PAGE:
Whilst SAM has similar features as Serverless Framework, such as abstracting away complexities in your infrastructure as code and local development SAM doesn’t have a rich community of plugin creators like Serverless Framework.
SAM is (yet again) an abstraction on top of CloudFormation. However, in SAM’s defensive, it’s not as extremely abstracted as Serverless Framework since SAM only intends to work with AWS whereas Serverless Framework’s abstraction is attempting to work across all cloud providers simultaneously.
Terraform is a stand-alone Infrastructure As Code tool. Terraform works from a CLI, which means it can be installed on any computer or CI tool. Terraform is Cloud provider agnostic and can provision infrastructure just as comfortably in GCP, AWS and Azure.
Terraform is not a Serverless specific tool, so Serverless specific tooling like local development, and log tailing will have to be built by hand, or Terraform can be used in combination with Serverless Framework or SAM.
Terraform is great for infrastructure provisioning. Unlike Serverless Framework, Terraform is good for provisioning all of your infrastructure needs without needing another tool other resources such as databases, VPC’s work well with Terraform easily.
If you’re using Serverless Framework or SAM alongside Terraform, you can share your resource configurations via AWS SSM Parameter Store to get the best of both worlds.
The downside with using Terraform for your Serverless setup is that you won’t get much for free. Anything you need will have to be written as a Terraform resource, and you’ll have to first figure out how things fit together. Unlike Serverless framework and SAM you won’t get log tailing, or local invocations out-of-the-box.
Using Terraform can be a blessing and a curse. When you use Terraform you’ll have a greater understanding of what you’re provisioning under the hood, but at the expense of the added cost and time to gain that understanding.
Setting up Terraform can also take some time. You’ll probably want to setup things like remote state and will probably need a CI pipeline to execute your Terraform also. This setup will take time, but at least you can re-use it later for other infrastructure needs.
To mitigate some of the issues of lacking functionality like local development, you can of course look into rolling your own options like docker-lambda for local development, and apilogs and awslogs for live viewing logs.
Terraform is a good choice for your Serverless infrastructure if you already have a good Terraform setup and feel comfortable using Terraform. Learning Terraform could take some time. But that said, given the popularity of Terraform your time wouldn’t be wasted.
If you choose to use Terraform, you should still consider using Serverless Framework or SAM in conjunction. Using Serverless Framework or SAM for your application parts and Terraform for the shared infrastructure resources such as databases and networks.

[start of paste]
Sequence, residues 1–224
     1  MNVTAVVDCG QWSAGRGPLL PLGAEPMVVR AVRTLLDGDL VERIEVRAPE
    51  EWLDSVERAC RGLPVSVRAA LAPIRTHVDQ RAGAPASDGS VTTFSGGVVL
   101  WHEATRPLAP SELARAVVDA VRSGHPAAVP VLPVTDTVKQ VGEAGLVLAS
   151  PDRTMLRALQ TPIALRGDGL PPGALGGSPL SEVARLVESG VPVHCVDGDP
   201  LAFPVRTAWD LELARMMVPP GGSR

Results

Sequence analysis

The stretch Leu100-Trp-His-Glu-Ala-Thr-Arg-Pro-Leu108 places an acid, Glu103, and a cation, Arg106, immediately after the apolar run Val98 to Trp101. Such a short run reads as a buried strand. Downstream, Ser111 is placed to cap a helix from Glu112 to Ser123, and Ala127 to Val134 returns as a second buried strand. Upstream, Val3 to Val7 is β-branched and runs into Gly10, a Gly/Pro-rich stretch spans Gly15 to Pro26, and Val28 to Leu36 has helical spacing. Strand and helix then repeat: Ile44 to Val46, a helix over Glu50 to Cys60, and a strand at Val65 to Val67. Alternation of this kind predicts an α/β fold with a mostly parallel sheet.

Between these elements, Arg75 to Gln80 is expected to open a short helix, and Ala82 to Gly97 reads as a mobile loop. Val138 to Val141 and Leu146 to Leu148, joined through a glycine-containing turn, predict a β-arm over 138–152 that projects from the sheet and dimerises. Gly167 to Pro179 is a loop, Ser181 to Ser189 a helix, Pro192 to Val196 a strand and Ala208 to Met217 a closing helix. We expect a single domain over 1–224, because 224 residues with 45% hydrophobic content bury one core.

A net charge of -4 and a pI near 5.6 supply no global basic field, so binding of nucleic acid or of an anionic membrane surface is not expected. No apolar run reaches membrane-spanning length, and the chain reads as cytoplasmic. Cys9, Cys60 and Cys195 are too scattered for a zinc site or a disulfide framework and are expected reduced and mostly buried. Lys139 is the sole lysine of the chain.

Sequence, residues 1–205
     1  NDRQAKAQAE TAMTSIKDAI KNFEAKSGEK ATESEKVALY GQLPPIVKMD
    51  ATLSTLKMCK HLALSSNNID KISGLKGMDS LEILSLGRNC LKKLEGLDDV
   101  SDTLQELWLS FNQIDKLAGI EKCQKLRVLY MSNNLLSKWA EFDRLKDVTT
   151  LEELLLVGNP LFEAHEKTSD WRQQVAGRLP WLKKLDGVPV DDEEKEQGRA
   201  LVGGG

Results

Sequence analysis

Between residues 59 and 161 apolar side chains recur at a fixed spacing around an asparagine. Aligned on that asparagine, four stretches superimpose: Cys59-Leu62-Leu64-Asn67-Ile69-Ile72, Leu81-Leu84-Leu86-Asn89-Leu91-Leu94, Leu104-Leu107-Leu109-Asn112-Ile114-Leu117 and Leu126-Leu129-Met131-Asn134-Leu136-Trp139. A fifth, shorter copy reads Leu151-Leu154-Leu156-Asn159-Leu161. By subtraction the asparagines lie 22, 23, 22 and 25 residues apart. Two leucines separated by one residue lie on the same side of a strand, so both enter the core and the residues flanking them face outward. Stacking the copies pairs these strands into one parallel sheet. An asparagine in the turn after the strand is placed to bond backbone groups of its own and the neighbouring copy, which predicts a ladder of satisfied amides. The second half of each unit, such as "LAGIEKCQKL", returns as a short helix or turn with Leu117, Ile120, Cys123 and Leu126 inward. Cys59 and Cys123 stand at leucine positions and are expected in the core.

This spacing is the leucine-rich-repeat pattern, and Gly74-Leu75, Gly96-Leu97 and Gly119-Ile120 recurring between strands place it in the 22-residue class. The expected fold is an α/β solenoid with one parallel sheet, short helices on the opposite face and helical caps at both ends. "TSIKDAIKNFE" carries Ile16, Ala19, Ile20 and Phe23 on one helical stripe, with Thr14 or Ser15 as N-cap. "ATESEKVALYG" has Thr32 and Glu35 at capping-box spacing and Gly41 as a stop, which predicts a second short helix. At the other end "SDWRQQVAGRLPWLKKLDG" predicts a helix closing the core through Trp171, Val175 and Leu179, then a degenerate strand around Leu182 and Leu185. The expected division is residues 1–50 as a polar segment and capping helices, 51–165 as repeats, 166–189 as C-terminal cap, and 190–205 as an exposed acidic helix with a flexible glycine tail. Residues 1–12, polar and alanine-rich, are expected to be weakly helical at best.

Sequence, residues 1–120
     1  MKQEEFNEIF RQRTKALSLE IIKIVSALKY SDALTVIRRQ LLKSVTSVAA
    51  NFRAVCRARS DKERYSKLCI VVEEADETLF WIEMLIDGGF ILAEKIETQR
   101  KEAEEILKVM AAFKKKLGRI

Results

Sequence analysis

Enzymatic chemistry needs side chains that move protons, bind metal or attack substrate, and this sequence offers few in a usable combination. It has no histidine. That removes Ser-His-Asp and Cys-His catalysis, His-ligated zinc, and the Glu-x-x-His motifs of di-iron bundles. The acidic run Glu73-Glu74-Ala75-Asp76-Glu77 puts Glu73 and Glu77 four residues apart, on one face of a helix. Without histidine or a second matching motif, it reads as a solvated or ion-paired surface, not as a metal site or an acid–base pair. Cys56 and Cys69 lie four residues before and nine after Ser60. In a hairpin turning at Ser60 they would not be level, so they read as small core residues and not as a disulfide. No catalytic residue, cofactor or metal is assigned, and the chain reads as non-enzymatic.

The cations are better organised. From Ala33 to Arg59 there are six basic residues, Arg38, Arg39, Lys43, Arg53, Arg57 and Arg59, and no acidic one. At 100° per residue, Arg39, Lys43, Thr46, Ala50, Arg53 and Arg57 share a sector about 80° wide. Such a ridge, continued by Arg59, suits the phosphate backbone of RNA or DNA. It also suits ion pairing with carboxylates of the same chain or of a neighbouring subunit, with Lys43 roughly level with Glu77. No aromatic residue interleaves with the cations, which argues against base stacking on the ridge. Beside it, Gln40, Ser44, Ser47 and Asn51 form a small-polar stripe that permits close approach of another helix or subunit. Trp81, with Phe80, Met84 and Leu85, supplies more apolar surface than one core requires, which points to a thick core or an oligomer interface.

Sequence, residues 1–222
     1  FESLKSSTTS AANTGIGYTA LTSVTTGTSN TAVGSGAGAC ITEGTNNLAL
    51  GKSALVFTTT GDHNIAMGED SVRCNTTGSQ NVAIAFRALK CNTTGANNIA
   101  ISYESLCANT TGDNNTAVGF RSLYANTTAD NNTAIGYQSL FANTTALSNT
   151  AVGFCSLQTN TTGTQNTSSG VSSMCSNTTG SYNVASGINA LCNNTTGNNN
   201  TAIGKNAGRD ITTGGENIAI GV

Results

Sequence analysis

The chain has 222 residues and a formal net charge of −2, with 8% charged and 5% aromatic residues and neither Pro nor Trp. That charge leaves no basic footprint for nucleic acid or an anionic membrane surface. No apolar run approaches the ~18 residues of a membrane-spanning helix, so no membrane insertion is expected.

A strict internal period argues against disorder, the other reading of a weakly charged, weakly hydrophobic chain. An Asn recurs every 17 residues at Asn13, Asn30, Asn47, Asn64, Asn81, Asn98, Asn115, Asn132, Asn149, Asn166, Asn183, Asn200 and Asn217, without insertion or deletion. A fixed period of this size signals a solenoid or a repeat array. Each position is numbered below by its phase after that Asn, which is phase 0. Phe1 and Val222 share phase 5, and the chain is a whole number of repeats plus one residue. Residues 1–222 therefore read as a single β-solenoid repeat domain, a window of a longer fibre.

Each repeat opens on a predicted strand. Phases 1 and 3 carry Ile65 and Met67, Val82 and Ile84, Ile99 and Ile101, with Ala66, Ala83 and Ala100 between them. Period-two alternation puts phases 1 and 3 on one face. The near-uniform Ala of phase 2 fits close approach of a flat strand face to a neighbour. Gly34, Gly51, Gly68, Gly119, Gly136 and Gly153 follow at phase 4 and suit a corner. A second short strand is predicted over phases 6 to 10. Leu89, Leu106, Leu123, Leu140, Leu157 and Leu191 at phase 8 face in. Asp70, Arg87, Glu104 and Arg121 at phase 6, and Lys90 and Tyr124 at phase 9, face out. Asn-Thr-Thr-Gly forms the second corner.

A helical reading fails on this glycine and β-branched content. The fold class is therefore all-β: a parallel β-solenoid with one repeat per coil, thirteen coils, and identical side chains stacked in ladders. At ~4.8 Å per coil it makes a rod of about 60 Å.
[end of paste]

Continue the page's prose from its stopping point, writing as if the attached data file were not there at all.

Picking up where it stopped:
If you’re looking to setup Terraform in an automated way, I’d recommend reading: The Ultimate Terraform Workflow: Setup Terraform (And Remote State) With Github Actions
Last up in our list of approaches is CloudFormation.
CloudFormation is the AWS custom solution for infrastructure as code. So you can think of CloudFormation as the AWS specific alternative to Terraform.
The major difference between Terraform and CloudFormation is that CloudFormation is a hosted service inside AWS rather than a stand-alone CLI.
CloudFormation is well known by many developers, and they’ll be familiar with the syntax and tools. If you’ve already got skills with CloudFormation then using it for your Lambda functions might make sense.
Terraform has arguably nicer syntax and functionality than CloudFormation. Terraform tends to be written in HCL, Hashicorps proprietary language, whereas CloudFormation is written in either JSON or YAML which can at times get quite fiddly.
Another drawback of CloudFormation is that it’s coupled to AWS. With Serverless Framework or Terraform you’re learning an agnostic tool that can be used across cloud providers whereas CloudFormation is designed to be used mainly with AWS.
Use CloudFormation if you’re already familiar with the technology. But also be sure to check out SAM for the Serverless specific parts of your application, and consider building your periphery services in CloudFormation.
Okay, that covers all of the different approaches you’ve got to building Serverless applications in AWS. Let’s quickly recap on the approaches you should look into given your specific situation.
Just want to hack about? Manual or Serverless Framework.
Creating a PoC or learning Serverless? Serverless Framework or SAM.
Already comfortable with Terraform? Terraform.
Already comfortable with CloudFormation? CloudFormation or SAM.
I can already hear the screams from those who thought we couldn’t compare these technologies “But they’re so different!? How can you compare them?”. But the reality is that I’ve worked with teams that have used purely Terraform, and others who have heavily used Serverless framework.
Each of these Serverless approaches have different benefits, but also trade-off’s in terms of the abstractions they use or how they’re vendor specific in nature. So experiment with each that make sense, and don’t forget to use your existing knowledge and skills to your advantage.
I hope todays comparison helped you understand a bit more about the differences between these Serverless approaches and will inform your decision-making process on which to use. And good luck—whichever approach you choose!
Speak soon Cloud Native friends!
What approaches have you used for Serverless? How was your experience?
Lou is the editor of The Cloud Native Software Engineering Newsletter a Newsletter dedicated to making Cloud Software Engineering more accessible and easy to understand. Every month you’ll get a digest of the best content for Cloud Native Software Engineers right in your inbox.